The verdict: The brewery says we should be expected “intense grapefruit, pine and lemon hop character,” but that’s not really what we got from this pleasant, all-organic APA. Rather, it’s a nicely balanced pale ale that displays a bit more caramel malt character than most of the session IPAs on the table and a hoppiness that is mildly spicy and floral. In that respect it’s a pretty classic American pale ale—perhaps the so-called and ill-defined “midwestern pale ale” style that pops up from time to time.

schlafly_lager.jpg 26. Schlafly Summer Lager
City: St. Louis, MO
Style: Helles lager
ABV: 4.5%
Key ingredient: German lager yeast and noble hops
The verdict: This German-style helles is pretty much crispness incarnate—so drinkable that the primary result of drinking one would likely be to look down at the empty glass in surprise before slouching off to get another. One of the highest compliments you can pay to such a subtle style is that it’s very clean, with no off-flavors, simply allowing its light, Continental malt and hop character to shine. The hops come through as floral and slightly lemony, with maybe just a hint of vanilla on the nose as well. Ultra refreshing stuff.

saintarnold_lawnmower.jpg 25. St. Arnold Brewing Co. Fancy Lawnmower
City: Houston, TX
Style: Kolsch
ABV: 4.9%
Key ingredient: German Hallertauer hops
The verdict: Another classic kolsch, Fancy Lawnmower can boast a great name and clean, expressive malt flavors. Hallertauer hops lend their trademark floral character—like a kindler, gentler version of America’s famed Cascade. With biscuity malt and just a little bit of fruitiness for complexity, it’s an easy-to-enjoy spin on kolsch. This is the sort of beer that should reasonably be able to show a Budweiser drinker what he or she has been missing.

stone_gotoipa.jpg 24. Stone Go To IPA
City: San Diego, CA
Style: Session IPA
ABV: 4.5%
Key ingredient: Tropical hops
The verdict: Intensely hop-forward, Stone’s session IPA brings a very high volume of flavor to the session IPA game. Complex tropical fruit impressions of melon, pineapple and maybe a bit of red berry are chased by assertive bitterness. Fuller of mouthfeel than most of the session IPAs, it feels in many respects like a full-on version of one of its bigger cousins. It’s a beer that reflects the simple aspirations of many session IPAs—arrive, delivery a blast of hops in a drinkable package, and leave. Here, they’re the juicy, tropical fruity hop flavors that have so come into the vogue in hop-forward beer in the last few years. We’re certainly not complaining.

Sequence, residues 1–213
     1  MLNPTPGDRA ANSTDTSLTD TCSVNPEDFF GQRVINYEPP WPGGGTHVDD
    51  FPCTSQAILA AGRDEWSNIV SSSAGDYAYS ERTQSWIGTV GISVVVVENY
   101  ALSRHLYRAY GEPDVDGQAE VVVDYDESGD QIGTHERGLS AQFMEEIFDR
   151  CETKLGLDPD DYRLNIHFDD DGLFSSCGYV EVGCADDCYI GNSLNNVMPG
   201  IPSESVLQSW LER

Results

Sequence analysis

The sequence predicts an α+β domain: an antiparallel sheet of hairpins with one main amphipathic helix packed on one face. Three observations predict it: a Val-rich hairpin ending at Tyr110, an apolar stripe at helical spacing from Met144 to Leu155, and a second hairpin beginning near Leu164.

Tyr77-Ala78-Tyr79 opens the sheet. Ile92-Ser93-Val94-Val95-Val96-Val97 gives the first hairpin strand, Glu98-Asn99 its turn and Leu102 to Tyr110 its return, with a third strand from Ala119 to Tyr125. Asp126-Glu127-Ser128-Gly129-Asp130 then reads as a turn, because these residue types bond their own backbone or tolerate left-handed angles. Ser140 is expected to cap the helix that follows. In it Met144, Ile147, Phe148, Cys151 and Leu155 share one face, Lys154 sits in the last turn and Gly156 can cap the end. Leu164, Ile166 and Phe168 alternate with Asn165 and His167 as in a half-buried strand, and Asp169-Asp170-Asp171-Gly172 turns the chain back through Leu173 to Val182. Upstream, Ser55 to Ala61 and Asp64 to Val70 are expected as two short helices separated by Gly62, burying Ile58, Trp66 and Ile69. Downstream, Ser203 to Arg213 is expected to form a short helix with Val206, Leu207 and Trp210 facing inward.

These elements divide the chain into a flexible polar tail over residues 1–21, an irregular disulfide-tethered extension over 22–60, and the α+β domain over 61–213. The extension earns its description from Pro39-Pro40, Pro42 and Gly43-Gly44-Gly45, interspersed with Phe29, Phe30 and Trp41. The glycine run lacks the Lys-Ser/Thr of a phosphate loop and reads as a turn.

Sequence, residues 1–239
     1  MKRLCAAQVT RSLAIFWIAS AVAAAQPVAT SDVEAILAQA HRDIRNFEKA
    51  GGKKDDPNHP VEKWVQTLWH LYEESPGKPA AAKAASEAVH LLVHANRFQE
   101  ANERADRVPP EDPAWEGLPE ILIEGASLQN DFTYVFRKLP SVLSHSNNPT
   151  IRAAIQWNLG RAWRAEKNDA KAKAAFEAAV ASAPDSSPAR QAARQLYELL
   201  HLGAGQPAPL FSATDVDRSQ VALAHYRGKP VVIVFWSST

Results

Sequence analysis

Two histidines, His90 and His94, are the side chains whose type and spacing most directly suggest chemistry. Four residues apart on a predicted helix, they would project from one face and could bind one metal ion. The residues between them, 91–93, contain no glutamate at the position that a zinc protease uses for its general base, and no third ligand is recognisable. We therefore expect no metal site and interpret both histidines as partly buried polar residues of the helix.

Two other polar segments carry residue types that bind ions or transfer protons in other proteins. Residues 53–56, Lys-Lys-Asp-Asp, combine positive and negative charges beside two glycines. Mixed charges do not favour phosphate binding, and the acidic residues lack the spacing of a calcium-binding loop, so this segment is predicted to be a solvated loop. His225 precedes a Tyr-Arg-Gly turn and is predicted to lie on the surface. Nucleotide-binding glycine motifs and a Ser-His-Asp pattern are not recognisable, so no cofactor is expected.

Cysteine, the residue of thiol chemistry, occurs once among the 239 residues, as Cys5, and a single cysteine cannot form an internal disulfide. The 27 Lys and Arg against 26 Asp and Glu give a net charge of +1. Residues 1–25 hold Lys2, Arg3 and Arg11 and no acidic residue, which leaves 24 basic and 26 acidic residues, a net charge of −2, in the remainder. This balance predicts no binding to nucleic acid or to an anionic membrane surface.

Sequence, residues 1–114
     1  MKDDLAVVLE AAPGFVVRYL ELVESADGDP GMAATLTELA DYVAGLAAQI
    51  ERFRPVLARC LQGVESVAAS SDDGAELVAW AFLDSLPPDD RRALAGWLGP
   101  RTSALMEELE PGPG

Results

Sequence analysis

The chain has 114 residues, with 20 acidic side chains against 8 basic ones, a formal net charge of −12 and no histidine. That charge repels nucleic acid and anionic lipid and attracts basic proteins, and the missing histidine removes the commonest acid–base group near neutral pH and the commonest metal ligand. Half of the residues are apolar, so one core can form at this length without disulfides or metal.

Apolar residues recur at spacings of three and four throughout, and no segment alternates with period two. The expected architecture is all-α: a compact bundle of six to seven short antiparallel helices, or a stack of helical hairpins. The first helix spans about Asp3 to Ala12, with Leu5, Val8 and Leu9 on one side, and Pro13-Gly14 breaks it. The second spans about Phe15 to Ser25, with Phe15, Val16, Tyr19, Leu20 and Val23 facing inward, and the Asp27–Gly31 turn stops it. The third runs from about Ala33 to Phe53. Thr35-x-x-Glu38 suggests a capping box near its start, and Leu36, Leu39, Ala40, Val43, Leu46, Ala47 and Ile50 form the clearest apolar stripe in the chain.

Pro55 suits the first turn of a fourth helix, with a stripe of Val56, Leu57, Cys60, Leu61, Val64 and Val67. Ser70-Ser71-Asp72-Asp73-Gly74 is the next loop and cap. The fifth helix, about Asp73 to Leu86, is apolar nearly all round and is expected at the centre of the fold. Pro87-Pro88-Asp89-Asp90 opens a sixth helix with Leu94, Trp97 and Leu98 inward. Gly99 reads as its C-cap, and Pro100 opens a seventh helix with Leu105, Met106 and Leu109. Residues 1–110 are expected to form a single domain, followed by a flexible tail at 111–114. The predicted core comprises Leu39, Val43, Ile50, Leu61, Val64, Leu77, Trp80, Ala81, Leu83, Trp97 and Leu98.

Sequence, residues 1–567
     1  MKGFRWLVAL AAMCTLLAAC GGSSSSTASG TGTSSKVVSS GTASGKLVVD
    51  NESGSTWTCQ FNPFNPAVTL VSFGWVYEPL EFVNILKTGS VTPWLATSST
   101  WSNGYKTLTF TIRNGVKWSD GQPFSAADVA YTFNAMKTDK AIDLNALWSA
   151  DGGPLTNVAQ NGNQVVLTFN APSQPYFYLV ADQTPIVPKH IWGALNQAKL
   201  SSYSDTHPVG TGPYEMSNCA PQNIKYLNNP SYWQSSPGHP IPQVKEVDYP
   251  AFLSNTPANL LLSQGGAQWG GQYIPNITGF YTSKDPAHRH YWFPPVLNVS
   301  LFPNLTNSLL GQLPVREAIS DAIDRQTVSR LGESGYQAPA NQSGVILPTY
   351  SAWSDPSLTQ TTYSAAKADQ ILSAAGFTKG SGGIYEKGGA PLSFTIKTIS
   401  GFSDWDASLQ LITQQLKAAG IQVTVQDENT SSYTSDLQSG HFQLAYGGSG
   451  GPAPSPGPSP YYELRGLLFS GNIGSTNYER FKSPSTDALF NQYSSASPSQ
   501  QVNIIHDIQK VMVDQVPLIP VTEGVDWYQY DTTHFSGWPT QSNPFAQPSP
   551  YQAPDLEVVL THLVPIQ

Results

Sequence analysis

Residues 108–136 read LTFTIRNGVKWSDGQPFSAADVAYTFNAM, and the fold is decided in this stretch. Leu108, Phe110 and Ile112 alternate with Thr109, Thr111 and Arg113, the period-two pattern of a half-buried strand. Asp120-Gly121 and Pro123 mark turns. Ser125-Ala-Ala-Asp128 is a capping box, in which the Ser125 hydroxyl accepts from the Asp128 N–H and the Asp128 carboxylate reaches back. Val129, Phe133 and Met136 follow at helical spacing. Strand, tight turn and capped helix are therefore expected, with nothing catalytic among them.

sideproject_grisette.jpeg 23. Side Project Brewing Grisette
City: St. Louis, MO
Style: Grisette
ABV: 4%
Key ingredient: Brettanomyces
The verdict: Told ya—grisette! The style of 2015. I’m sure there will be people in the comments who have never even tasted this beer harumphing over the fact that something from Side Project didn’t make at least the top 10, but this very light-bodied beer is something a little different and pretty subtle from the red hot St. Louis brewery, which produced two of our top three saisons. Where we thought it might just be a miniature version of one of those wonderful, tart saisons, this one is much more funk-forward than it is tart, but still very subtle all around, with impressions of hay and perhaps green apple and very light spices. Complex and best appreciated on its own, it’s likely not built to triumph in a large tasting of more assertive ales.

df_namaste.jpg 22. Dogfish Head Namaste
City: Milton, DE
Style: Witbier
ABV: 4.8%
Key ingredient: Dried orange slices and lemongrass
The verdict: Dogfish creates a twist on the usual witbier formula by using slices of full, dried orange rather than simply the peel, together with the addition of lemongrass, which imparts citric and grassy flavors, as you might expect. Spices really pop on this one—it’s more complex in its aroma than a lot of the other wits on the table, with many different notes duking it out for prominence. On the back end it’s grassy, like a freshly mowed lawn still clumpy with moisture. Simultaneously refreshing and contemplative.

founders_allday.jpg 21. Founders All Day IPA
City: Grand Rapids, MI
Style: Session IPA
ABV: 4.7%
Key ingredient: This beer was likely the introduction of many drinkers to the fully realized concept of “session IPA,” and many that have come along since have been built in its image. All Day drinks rather like a miniaturized version of Founders’ already genre-defining IPA, Centennial. It’s very well balanced, with plenty of biscuity malt—this is one session IPA that isn’t just a hop delivery vehicle. The hops are classic American west coast stuff all the way—pine, grapefruit, floral. It tastes instantly familiar even to people who have never had it before, but that’s not a bad thing.

Next: Beers #20-1, a winner is crowned